July 9

To see what difference a president makes, you need look no further than the violence raging throughout the Middle East and the lack of U.S. influence. Certainly, this was a long time in coming, the inevitable result of President Obama’s notion that the United States should retrench and leave the burden of international stabilizing to others.


Abu Bakr al-Baghdadi, head of the Islamic State, delivering a sermon at a mosque in Iraq. (Militant video via Associated Press)

The next president will have his or her hands full. On a day-to-day level, changes or continuity with this president can have huge consequences.

Consider the ban on oil exports. The Post reports:

The European Union is pressing the United States to lift its longstanding ban on crude oil exports through a sweeping trade and investment deal, according to a secret document from the negotiations obtained by The Washington Post.

It’s not entirely surprising. The E.U. has made its desire for the right to import U.S. oil known since the U.S. started producing large amounts of it in the mid-2000s. It signaled again at the outset of trade negotiations, and its intentions have become even more clear since.

This time, though, the E.U. is adding another argument: Instability on its Eastern flank threatens to cut off the supply of oil and natural gas from Russia. “The current crisis in Ukraine confirms the delicate situation faced by the EU with regard to energy dependence,” reads the document, which is dated May 27.

This is a no-brainer for the United States. By opening oil sales and speeding up LNG exports, we not only help the U.S. economy and undercut Russia, we also demonstrate that we actually listen to allies. Wasn’t that one of Obama’s complaints – that his successor ignored our allies or took a high-handed approach with them? Whoever follows Obama should reverse this nonsensical and counterproductive policy. (In the meantime, someone should ask Hillary Clinton what she thinks about this.)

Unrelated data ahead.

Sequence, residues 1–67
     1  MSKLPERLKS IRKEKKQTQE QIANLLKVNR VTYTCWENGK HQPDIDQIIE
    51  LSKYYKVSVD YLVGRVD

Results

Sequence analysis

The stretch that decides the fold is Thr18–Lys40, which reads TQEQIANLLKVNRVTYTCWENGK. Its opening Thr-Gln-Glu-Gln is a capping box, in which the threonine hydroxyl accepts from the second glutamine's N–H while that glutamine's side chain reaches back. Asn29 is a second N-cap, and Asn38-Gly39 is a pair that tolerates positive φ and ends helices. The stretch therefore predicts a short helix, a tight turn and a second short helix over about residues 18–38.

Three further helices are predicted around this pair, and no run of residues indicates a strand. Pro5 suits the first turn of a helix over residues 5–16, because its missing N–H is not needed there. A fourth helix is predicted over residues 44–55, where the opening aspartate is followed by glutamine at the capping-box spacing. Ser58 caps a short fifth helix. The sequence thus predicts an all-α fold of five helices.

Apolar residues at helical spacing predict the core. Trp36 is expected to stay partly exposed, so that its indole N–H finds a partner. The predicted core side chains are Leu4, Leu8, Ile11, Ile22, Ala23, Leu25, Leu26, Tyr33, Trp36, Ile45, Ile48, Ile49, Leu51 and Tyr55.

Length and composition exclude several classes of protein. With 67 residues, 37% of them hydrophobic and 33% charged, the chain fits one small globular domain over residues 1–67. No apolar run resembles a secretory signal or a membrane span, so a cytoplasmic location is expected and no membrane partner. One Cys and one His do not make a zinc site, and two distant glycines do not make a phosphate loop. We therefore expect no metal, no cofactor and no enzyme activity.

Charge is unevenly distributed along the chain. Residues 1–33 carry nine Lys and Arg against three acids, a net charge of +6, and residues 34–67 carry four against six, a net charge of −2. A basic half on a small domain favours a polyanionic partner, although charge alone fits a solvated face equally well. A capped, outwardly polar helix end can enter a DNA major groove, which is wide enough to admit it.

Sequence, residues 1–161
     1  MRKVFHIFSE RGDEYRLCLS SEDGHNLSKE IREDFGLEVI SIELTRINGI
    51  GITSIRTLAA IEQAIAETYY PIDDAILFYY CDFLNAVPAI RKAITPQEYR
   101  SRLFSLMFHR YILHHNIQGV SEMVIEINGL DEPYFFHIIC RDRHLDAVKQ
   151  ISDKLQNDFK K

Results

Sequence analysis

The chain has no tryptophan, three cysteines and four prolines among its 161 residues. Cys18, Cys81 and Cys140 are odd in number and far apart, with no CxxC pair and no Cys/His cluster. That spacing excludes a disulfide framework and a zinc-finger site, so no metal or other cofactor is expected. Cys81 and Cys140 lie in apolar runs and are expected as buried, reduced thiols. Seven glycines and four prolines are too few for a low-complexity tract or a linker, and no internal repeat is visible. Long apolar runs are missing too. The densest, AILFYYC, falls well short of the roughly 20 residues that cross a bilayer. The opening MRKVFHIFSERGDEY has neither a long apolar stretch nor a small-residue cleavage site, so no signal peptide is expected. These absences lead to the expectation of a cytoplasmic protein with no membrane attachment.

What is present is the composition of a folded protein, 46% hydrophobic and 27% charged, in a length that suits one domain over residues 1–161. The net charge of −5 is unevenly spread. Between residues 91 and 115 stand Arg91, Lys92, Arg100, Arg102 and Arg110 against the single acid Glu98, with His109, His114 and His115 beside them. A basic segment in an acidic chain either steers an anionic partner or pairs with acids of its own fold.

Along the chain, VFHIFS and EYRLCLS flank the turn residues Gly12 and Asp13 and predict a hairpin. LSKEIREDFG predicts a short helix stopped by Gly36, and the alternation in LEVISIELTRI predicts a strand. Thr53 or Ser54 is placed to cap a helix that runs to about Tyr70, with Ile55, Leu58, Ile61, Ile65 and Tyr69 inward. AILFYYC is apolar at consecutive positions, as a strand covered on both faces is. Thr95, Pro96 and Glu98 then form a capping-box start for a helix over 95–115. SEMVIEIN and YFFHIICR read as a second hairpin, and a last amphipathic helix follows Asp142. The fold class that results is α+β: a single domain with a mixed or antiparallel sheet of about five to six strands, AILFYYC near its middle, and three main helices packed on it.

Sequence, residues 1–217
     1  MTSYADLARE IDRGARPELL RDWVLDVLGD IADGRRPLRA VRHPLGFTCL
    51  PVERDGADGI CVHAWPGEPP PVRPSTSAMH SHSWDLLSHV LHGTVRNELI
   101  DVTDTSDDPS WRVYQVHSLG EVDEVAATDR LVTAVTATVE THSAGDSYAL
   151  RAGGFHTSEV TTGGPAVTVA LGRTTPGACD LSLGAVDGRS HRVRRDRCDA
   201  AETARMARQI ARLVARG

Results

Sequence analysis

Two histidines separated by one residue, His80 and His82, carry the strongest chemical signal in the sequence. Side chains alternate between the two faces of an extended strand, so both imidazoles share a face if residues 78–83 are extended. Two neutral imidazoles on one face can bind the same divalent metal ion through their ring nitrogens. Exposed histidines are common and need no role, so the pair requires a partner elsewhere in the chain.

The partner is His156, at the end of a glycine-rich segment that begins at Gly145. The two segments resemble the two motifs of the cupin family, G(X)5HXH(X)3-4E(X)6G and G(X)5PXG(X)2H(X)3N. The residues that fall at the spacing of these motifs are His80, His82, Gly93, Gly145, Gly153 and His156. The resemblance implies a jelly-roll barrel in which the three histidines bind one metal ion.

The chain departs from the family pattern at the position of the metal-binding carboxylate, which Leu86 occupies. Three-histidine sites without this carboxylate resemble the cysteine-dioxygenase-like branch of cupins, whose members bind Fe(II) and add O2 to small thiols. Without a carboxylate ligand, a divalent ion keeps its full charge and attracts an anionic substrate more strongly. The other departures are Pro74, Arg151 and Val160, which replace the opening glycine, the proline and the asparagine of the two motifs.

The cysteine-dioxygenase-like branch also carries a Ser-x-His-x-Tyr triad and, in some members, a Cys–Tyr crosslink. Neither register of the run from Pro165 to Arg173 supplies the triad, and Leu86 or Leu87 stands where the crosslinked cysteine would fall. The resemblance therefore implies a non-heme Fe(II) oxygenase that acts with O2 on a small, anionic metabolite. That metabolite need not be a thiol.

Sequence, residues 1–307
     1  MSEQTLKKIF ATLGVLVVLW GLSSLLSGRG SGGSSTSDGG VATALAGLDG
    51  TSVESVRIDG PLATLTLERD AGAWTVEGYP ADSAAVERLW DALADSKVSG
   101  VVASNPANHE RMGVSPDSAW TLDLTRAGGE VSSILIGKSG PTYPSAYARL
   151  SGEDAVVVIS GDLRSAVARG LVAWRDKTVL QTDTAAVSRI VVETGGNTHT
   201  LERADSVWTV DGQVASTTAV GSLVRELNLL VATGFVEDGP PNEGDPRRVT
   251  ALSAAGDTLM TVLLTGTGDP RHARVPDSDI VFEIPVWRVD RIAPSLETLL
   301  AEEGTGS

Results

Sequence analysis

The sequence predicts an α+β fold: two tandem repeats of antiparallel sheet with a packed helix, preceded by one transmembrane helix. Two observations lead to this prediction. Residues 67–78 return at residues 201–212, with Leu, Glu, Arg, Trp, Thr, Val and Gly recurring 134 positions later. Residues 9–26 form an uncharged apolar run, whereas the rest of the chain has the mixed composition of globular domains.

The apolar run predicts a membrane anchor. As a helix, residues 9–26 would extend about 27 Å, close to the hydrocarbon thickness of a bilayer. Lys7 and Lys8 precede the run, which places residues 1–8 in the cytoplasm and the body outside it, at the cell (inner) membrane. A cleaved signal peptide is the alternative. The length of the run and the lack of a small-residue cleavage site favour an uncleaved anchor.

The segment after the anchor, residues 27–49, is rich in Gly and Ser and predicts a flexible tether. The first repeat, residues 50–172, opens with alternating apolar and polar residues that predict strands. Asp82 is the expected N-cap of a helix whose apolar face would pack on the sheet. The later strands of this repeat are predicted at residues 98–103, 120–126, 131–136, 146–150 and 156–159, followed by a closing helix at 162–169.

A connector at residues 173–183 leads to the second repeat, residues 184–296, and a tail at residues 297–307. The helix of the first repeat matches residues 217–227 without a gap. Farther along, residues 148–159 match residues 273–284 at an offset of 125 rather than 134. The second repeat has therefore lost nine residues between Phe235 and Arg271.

But the next president might also make things worse on an increasingly important policy choice: drones. Sen. Rand Paul (R-Ky.) joins the far left in wanting to severely restrict the use of them to hit American jihadists in remote areas where we cannot apprehend them. The Post observes:

Travel to Syria by Americans and Europeans to fight in the civil war there has become a major concern for U.S. and European law enforcement and intelligence officials. U.S. authorities confirmed last month that a 22-year-old American from Florida, Moner Mohammad Abusalha, carried out a suicide bombing in Syria in late May.

“This is a global crisis in need of a global solution,” [Attorney General Eric] Holder said. “The Syrian conflict has turned that region into a cradle of violent extremism. But the world cannot simply sit back and let it become a training ground from which our nationals can return and launch attacks. And we will not.”

Holder urged other countries to pass legislation that criminalizes “preparatory acts,” laws such as the material-support statute in the United States that allows law enforcement to arrest and prosecute individuals in the initial planning stages of terrorist plots. France and Norway enacted similar statutes in the past two years, and Norway, whose intelligence agency estimates that 40 to 50 of its citizens have traveled to Syria, charged the first person under its law in February.

All of that is well and good, but some American jihadists will get through to Syria. Are we supposed to simply wait until they carry out plots against the homeland (or allies like Israel)? This makes zero sense and conveys the same lack of appreciation for the jihadist war in which we are engaged as Obama has displayed. Another president who envisions war against jihadists as simply another criminal justice matter could well lead to calamitous results in a world potentially with an Islamic State carved out of territory in the Middle East.

These are two relatively discrete issues but they point to the necessity of fully vetting presidential contenders on the specifics of their foreign policy. Republicans serious about running better have detailed and informed answers to all sorts of questions in addition to energy exports and drones:

  • Should Gitmo remain open to house terrorists who can’t be tried in the U.S.?
  • Should we shut down NSA surveillance programs in the absence of any evidence of abuse?
  • Should we expand NATO?
  • Should we sit by while a terrorist state forms in the Middle East?
  • Should we go to zero troops in Afghanistan no matter the conditions there?
  • Should we rebuild/expand our navy to counter China’s massive buildup?

The stakes are serious and, unless the GOP puts forth a serious candidate that voters can envision as commander in chief, Hillary Clinton (or Elizabeth Warren or whoever) is going to be calling the shots.